But I also had to wonder when Kansas State announced they were proposing a $ 60-million partnership with AIB International (that’s the American Institute of Baking, also in Manhattan, KS) to create a Global Center for Grain-Based Foods.

What marketing geniuses come up with these names?

“We are looking at our shared expertise to help enable the grain-based food industry, both from a learning/technical application, and from a food safety perspective,” said Andre Biane, president and CEO of AIB International.

Having AIB and food safety in the same sentence should shock anyone.

AIB is the third-party auditor that approved Salmonella-tainted peanut paste that killed nine and sickened 600, gave DeCoster egg operations a “superior” rating and “recognition of achievement” in June 2010, just as thousands of Americans began barfing from Salmonella in DeCoster eggs, and a big thumbs-up to Veggie Booty before Salmonella started making people sick.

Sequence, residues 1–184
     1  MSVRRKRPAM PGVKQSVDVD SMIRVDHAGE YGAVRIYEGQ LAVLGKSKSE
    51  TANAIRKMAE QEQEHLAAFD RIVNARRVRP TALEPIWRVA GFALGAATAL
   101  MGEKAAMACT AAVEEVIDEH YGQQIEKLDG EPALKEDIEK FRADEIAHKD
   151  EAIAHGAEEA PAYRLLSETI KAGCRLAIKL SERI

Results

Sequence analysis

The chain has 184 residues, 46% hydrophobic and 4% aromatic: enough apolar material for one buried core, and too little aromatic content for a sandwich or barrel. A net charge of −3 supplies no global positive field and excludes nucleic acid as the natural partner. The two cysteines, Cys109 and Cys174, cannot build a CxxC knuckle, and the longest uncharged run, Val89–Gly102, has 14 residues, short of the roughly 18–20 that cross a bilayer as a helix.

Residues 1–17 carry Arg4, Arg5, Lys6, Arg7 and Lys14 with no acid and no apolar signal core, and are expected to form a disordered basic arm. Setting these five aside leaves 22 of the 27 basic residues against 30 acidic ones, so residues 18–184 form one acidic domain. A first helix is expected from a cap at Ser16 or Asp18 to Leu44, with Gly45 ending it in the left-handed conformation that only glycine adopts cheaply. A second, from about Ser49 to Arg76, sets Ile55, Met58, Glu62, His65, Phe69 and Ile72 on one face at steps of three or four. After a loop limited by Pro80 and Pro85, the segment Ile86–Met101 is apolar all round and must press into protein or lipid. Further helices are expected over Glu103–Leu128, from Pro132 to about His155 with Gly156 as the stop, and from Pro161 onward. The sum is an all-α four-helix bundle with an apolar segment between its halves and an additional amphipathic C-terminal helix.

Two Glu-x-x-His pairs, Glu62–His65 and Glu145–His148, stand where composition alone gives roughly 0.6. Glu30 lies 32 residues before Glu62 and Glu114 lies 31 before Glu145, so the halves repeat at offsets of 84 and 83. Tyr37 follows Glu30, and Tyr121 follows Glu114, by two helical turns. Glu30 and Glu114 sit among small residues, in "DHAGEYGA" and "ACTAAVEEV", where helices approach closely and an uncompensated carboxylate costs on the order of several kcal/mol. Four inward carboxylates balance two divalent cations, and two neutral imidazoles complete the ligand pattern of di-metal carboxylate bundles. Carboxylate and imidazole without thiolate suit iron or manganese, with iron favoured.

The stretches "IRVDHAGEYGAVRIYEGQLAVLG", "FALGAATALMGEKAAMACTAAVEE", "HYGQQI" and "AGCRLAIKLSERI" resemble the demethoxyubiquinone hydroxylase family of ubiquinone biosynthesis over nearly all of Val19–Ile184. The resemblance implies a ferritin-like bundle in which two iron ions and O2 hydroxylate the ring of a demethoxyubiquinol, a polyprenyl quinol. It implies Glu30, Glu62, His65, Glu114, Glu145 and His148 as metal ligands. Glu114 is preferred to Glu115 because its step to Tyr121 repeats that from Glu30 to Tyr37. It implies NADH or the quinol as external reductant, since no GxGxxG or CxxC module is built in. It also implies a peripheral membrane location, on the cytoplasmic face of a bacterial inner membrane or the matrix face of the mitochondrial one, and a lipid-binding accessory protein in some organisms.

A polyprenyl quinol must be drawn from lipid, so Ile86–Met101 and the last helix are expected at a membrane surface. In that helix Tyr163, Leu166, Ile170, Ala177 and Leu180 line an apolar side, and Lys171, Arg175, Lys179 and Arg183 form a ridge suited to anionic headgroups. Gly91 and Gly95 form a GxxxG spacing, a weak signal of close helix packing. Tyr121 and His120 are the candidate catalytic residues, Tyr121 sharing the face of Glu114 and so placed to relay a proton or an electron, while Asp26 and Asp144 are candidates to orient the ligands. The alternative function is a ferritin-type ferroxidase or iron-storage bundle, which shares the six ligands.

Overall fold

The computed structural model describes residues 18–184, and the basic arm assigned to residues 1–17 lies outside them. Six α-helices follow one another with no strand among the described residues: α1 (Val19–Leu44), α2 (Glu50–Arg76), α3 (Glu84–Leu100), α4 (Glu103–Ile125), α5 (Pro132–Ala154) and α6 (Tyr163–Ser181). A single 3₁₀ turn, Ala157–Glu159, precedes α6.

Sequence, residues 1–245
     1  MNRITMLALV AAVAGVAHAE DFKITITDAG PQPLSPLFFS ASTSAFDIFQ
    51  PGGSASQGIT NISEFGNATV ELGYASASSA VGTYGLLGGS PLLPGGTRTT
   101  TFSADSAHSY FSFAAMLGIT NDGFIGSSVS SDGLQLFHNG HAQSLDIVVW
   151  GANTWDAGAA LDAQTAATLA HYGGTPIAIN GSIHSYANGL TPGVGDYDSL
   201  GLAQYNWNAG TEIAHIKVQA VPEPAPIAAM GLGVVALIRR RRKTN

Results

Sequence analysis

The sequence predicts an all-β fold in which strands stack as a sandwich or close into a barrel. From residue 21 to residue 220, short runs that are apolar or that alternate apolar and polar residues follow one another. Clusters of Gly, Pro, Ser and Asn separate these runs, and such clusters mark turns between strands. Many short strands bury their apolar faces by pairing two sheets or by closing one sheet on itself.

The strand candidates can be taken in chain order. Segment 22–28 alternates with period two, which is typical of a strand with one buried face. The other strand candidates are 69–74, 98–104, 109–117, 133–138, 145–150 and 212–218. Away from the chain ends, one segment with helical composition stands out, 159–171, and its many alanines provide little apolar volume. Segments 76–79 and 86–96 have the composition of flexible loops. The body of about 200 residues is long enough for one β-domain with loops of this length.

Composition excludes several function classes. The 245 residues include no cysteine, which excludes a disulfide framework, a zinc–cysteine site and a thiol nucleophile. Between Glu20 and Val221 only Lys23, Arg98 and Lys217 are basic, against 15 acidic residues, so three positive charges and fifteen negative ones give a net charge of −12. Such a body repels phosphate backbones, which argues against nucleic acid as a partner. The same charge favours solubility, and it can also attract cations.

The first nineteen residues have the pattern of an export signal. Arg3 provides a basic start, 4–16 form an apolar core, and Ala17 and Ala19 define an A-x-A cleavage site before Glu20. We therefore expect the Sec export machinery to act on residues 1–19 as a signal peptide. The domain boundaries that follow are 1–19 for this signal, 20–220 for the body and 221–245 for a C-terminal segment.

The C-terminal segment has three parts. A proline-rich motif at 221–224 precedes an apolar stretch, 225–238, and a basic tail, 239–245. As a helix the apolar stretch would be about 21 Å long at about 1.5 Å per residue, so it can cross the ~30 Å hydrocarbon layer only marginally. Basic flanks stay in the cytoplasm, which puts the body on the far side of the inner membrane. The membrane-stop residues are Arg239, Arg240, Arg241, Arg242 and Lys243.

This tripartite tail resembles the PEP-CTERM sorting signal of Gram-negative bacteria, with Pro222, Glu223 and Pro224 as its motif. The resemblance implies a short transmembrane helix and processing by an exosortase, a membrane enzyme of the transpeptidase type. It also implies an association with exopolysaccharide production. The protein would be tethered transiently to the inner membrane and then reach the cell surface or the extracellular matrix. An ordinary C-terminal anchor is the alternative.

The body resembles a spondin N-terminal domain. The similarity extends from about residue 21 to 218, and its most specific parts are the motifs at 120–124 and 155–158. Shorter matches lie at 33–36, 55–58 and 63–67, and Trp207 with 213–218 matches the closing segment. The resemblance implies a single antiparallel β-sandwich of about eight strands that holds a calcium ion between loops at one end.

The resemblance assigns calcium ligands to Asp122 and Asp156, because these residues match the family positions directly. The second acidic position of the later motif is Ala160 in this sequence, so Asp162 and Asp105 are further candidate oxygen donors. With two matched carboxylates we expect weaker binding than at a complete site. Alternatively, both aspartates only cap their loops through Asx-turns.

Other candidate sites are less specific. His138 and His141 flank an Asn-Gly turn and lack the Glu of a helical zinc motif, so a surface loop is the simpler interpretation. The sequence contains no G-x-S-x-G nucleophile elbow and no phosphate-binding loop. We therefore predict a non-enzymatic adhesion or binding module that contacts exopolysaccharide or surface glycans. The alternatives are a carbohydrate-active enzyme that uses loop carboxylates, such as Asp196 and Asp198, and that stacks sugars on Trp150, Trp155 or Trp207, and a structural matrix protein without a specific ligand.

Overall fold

As has been documented, although AIB considered the Peanut Corporation of America plant “Superior,” Nestlé twice inspected PCA plants and chose not to take on PCA as a supplier because it didn’t meet Nestlé’s food-safety standards, according to Nestlé’s audit reports in 2002 and 2006.

I also wonder when the KState administration goes on about its Australian ties and clearly knows nothing about the culture here, even with two former KState profs sitting here.

Keep believing your own press releases: it’s what universities are good at.

Audits and inspections are never enough: A critique to enhance food safety


Food Control

D.A. Powell, S. Erdozain, C. Dodd, R. Costa, K. Morley, B.J. Chapman